Research conducted with the Raine Study falls under one of 14 special interest groups (SIGs).
One of those special interest groups look specifically at diet data.
The focus of the Diet Special Interest Group is to investigate the areas of human dietary behaviour across a range of ages.
This SIG utilises a range of measures on participants relating to infant feeding, including breastfeeding, and the timing of introduction of solids, food diaries and dietary behaviour and patterns.
The Raine Study dietary data is being used to better understand the relationships between dietary intake and the early development of chronic diseases, including heart and vessels disease, type 2 diabetes, obesity, bone disorders, and mental health disorders.
We are fortunate enough to have some well-known researchers from across Australia leading this SIG.
Dr Therese O’Sullivan, Edith Cowan University
Dr Therese O’Sullivan is an Associate Professor in Nutrition and Dietetics at Edith Cowan University and also leads a program of research investigating potential health benefits of dairy in the diet. Alongside her teaching career, Dr O’Sullivan has also been a Clinical Dietician in a private practice as well as a Senior Research Fellow at the Telethon Kids Institute in WA.
Dr O’Sullivan has received many accolades for her work in diet and nutrition including Famelab WA state finalist in 2014, ECU Vice-Chancellor’s Award for Excellence in Research by an Early Career Researcher in 2015, and ECU Minute to Pitch it runner up in 2016.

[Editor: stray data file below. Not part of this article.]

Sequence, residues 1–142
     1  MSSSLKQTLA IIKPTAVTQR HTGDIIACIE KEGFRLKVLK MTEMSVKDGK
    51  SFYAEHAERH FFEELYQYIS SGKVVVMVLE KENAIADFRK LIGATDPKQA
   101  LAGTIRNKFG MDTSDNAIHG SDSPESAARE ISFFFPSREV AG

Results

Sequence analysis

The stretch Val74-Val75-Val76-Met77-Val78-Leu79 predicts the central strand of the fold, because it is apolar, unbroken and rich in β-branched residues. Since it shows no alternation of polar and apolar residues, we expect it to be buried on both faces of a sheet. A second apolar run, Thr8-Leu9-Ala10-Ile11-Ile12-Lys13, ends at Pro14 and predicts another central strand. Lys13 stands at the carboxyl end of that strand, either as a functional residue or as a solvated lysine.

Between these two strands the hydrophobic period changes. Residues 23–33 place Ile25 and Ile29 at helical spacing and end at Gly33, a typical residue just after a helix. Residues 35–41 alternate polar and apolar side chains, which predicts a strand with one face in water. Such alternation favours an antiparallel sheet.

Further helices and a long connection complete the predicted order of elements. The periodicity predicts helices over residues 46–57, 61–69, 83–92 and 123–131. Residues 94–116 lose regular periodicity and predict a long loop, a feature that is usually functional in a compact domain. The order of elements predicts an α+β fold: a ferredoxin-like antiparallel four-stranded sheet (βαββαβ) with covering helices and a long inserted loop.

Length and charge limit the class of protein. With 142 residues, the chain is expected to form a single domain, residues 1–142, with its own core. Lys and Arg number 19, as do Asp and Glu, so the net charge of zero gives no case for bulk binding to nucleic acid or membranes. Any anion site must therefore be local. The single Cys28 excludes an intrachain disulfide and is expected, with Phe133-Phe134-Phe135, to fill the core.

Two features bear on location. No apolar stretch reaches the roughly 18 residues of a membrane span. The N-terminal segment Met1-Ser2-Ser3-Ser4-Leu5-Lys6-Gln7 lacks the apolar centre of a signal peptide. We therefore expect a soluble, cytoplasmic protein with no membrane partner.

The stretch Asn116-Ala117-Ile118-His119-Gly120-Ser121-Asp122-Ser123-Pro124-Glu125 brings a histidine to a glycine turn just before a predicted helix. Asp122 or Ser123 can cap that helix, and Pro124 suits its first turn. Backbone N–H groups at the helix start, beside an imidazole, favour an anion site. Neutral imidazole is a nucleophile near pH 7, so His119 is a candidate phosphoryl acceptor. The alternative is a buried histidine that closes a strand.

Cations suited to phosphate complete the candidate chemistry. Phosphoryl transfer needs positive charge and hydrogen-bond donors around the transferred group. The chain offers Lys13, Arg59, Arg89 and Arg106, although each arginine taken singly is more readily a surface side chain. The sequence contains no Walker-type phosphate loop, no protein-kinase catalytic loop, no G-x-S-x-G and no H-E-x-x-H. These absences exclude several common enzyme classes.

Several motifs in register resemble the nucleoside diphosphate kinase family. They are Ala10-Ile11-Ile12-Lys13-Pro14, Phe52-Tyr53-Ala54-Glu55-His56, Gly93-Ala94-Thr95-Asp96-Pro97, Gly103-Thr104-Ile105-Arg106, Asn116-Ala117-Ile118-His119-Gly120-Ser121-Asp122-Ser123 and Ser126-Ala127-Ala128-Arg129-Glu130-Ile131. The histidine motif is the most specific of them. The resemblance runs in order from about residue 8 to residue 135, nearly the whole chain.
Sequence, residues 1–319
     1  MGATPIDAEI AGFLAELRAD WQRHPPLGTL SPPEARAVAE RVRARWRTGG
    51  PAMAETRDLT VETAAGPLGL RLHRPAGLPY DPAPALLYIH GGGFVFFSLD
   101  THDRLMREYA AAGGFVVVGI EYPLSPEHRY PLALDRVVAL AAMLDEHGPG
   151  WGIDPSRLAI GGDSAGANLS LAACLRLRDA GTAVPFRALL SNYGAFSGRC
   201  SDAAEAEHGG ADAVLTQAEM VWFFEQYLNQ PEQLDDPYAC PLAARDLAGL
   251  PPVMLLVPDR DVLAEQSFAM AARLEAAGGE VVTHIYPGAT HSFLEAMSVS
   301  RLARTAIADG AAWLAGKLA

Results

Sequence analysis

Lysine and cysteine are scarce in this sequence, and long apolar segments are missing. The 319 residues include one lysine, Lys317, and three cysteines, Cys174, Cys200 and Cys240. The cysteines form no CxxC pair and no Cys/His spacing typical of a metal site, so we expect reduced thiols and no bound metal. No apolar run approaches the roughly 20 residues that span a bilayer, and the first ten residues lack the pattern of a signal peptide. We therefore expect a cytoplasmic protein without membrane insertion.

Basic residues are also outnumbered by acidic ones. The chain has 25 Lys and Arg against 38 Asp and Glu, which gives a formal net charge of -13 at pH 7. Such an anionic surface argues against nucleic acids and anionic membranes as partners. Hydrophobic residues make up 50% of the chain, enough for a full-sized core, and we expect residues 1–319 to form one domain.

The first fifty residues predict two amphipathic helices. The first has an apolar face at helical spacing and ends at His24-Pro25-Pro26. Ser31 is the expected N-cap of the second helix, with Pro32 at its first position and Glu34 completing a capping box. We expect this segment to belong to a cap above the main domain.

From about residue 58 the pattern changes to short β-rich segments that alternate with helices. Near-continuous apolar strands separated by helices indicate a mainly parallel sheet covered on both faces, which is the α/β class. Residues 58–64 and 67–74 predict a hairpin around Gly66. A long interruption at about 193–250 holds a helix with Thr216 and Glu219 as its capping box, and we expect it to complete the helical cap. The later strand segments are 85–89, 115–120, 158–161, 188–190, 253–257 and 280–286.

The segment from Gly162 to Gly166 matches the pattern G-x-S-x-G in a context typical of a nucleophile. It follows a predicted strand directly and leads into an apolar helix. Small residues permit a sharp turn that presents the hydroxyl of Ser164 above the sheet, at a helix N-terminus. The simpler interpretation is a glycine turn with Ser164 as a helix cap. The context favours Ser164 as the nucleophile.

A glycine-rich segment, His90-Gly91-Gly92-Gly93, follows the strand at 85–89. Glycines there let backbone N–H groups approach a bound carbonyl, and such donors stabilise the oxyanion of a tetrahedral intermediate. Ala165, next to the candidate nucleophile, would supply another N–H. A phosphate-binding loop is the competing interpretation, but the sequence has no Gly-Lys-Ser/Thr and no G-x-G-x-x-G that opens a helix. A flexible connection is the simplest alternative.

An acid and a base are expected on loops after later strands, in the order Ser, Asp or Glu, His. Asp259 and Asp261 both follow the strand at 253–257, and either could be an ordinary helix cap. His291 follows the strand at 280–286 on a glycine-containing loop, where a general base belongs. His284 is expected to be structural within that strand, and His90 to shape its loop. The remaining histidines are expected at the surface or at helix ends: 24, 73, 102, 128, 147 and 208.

Prof Wendy Oddy, University of Tasmania
Professor Wendy Oddy is a Professorial Research Fellow at the University of Tasmania as well as a nutritional epidemiologist investigating the impact of diet and nutrition, particularly during early childhood, on various diseases in the population.
Using the Raine Study data, Professor Oddy seeks to better understand the relationship between nutrition in early life and the development of chronic diseases including heart and vessels disease, type 2 diabetes, obesity, bone disorders, and mental health disorders.
Professor Oddy’s work continues to contribute to the Australian Dietary Guidelines, which are in turn used by health professionals, policy makers, educators, and food manufacturers to help Australians eat healthier diets.
Key Findings of the SIG
Thanks to the ongoing involvement of our participants, this SIG has been able to make a huge range of life-changing discoveries, including:
- Longer breastfeeding is associated with less risk of childhood asthma and improved motor development in late childhood and adolescence.
- Better quality breakfast is related to better mental health in early adolescence.
- Healthier dietary patters are associated with better behaviour, academic achievement, mental health, reproductive health, and less risk of developing heart, vessels and liver disease.
For more information on key findings from this Special Interest Group, visit our Diet Special Interest Group page.